Sleeping With Pets

Sleeping with dogs is something humans have done, perhaps for eons.  Have you ever heard the saying “3 dog night”?  Back in the day, on the coldest of winter nights, the whole pack was invited into bed to keep everyone warm and cozy.


Now, we have climate controlled central heating, and fluffy 3 dog night down comforters for the coldest of winter nights.  But there is still a yearning for the fresh air of open windows and the comfort of cuddling with each other, humans and pets alike.



Contact with a pet can increase the flow of oxytocin, which has measurable results in decreasing depression and anxiety, and may help to lower blood pressure and decrease hypertension, resulting in better sleep.


Oxytocin is a hormone released by the pituitary gland, a tiny gland at the base of the brain. It's sometimes referred to as the  "love hormone," because it is released when we hug, snuggle, or hold hands (or paws.) Social bonding with other humans or animals forms neural pathways in our brains, connecting the reward of feeling love with the animal or person you are bonded with. Pets also show increased levels of oxytocin from contact with humans.


People who live with PTSD seem to benefit greatly from animal companionship. Having a dog or cat can help decrease loneliness and feelings of isolation. Some insomniacs report falling asleep easier when a pet is in the bed too, citing the pet’s calming presence helping to “turn off” their active brain or quell anxiety.


In short, if you sleep alone or with a partner, (as long as your partner agrees - if not, maybe it's time to sleep alone!) allowing your pet into your bed can add to your sense of well-being and security.  


When is it not OK to let the pets share your bed?

For someone who is a very light sleeper, or has health concerns such as allergies or immune conditions it may not be a good idea to co-sleep with your critters. The same goes for animals suffering from health conditions. Regular check ups at the vet will help identify any reasons your pet should not share your bed.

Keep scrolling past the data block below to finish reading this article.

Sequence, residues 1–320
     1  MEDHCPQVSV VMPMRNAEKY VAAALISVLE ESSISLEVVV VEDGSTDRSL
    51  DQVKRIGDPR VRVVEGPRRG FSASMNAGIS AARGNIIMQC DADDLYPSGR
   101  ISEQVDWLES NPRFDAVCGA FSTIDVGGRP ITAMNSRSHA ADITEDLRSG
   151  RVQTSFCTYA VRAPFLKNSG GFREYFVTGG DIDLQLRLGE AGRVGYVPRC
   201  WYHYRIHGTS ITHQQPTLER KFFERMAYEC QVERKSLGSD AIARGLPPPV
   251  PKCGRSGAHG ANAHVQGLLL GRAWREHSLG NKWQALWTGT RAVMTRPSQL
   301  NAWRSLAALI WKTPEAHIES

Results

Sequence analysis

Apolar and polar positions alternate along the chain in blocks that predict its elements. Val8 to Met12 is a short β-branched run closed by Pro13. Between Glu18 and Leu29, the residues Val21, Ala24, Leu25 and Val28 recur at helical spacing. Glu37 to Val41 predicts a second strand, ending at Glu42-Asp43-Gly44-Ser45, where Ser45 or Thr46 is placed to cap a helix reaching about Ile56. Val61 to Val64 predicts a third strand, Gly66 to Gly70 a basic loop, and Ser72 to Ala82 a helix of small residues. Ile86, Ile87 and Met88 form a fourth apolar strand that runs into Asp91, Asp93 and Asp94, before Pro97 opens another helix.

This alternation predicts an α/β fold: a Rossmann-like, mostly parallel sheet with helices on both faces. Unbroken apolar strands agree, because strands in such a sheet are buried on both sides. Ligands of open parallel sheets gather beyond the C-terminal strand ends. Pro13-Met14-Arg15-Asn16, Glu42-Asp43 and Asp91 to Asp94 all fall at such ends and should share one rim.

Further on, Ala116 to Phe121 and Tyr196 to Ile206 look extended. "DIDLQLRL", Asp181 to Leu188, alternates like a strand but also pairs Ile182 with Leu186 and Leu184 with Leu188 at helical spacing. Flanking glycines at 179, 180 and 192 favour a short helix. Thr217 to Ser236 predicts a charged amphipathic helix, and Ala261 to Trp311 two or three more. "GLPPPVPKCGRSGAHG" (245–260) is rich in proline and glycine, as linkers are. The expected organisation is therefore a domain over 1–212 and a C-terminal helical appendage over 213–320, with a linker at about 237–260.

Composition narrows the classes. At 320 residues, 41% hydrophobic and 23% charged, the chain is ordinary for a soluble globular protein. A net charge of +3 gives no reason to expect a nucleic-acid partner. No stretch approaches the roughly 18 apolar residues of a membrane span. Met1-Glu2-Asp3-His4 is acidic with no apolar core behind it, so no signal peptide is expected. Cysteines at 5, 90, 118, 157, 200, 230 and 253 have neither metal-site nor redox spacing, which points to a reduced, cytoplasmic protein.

Younger pets may need training before they make good nap buddies. Small, fragile pets might be better off in their own resting spaces.


Some dogs may startle easily and can display aggression if they are suddenly awakened. Others are active dreamers who do a fair bit of thrashing about at night. Some cats experience nocturnal playfulness and might think the toes sticking out at the end of the bed make wonderful playthings. Some animals snore or move around frequently in search of a more comfortable position.


Small children who may poke a pet in the eye, pull a tail, or otherwise unintentionally bother it should not be allowed to co-sleep with a dog or cat until they are old enough to display consistent gentle treatment of animals.


How can we make sharing a bed with pets a great experience?

If you are among the many who do sleep with a pet, there could be ways to improve the quality of rest for both you and your furry friend.  Our dog, Omi, loves her down pillows. Of course, we have plenty to share. :)


Unsurprisingly, pets and people both rest better if they enjoy a healthy diet, an appropriate activity level, and a pleasant, secure place to get some shut-eye. You will enjoy it more if your pet receives regular grooming and baths.


Older animals may need additional considerations, such as a light to help them orient themselves upon waking if their vision is fading, or a soft pillow propped up against their back or hips, and of course, they love to cuddle with the warmth a down comforter provides. Younger pets that may feel anxious upon separating from their mother and littermates can receive comfort from the sound of a ticking clock, calm music or a metronome in the room.


My old dog taught me much about love, loyalty, and how quickly time passes when you’re not throwing a Frisbee for the one-thousandth time that day. I’m thinking of him as I write this, and missing him too. I’d gladly lug the vacuum cleaner around the house again every day for another twelve years with him if that were possible. In his last few years, I grew to love him even more than I knew was possible.


As his muzzle turned grey and his eyes grew cloudy, legs stiffened and he could not go for long walks any more, I spent every moment I could just being with him and trying to anticipate his needs and provide him some comfort. When he could no longer get on the bed, I’d sometimes sleep on the floor with him if he were having a difficult night due to Fourth of July fireworks or thunder.


The reality is that our time with pets is limited, and they rely on us totally, yet cannot communicate their needs in ways that we always easily understand. Love them while you can. Share your sleeping space with them if you want to.



Other Resources: Pet MD - Is it safe to sleep with your pet? | CDC - Healthy Pets & People



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